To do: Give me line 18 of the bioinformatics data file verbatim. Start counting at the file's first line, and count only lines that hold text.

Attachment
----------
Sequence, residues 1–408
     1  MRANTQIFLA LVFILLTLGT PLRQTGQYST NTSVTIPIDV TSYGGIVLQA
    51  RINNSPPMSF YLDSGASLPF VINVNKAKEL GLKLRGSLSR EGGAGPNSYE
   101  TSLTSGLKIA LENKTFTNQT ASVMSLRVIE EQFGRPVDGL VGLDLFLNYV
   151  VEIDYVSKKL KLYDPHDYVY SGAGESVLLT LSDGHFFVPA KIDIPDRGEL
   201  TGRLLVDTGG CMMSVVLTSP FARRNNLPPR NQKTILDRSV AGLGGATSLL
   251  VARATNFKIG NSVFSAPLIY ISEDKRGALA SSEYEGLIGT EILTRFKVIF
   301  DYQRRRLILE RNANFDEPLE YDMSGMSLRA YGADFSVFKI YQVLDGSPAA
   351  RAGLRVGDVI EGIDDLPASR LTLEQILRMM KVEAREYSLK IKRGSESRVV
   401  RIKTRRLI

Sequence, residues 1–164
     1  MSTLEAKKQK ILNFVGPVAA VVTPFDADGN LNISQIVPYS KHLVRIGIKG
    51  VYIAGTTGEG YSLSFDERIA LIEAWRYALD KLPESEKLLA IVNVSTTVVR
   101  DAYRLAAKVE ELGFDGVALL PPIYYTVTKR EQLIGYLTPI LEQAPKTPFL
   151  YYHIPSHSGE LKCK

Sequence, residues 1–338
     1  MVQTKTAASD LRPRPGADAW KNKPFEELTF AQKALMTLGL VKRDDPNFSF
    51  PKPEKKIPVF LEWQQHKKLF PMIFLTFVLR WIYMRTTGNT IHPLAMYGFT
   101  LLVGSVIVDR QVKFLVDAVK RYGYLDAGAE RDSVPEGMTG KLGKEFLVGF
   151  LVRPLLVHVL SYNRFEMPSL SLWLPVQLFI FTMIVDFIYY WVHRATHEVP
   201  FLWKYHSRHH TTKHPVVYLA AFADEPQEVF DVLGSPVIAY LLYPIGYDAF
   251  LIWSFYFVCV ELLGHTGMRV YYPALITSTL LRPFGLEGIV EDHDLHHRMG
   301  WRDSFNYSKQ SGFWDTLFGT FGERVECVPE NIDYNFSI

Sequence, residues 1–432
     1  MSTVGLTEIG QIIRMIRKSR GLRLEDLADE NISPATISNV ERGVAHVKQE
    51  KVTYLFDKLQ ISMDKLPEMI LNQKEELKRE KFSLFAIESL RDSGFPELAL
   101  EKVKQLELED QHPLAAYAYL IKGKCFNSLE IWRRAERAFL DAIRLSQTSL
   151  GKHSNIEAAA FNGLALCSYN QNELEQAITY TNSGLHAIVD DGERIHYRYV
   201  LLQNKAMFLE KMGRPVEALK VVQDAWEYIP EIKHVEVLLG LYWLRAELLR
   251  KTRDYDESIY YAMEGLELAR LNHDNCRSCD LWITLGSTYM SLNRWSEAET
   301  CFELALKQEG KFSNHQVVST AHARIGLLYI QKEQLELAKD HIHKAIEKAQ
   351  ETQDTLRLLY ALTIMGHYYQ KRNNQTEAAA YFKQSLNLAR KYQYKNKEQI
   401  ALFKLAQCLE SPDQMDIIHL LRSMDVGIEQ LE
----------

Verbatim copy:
    51  PKPEKKIPVF LEWQQHKKLF PMIFLTFVLR WIYMRTTGNT IHPLAMYGFT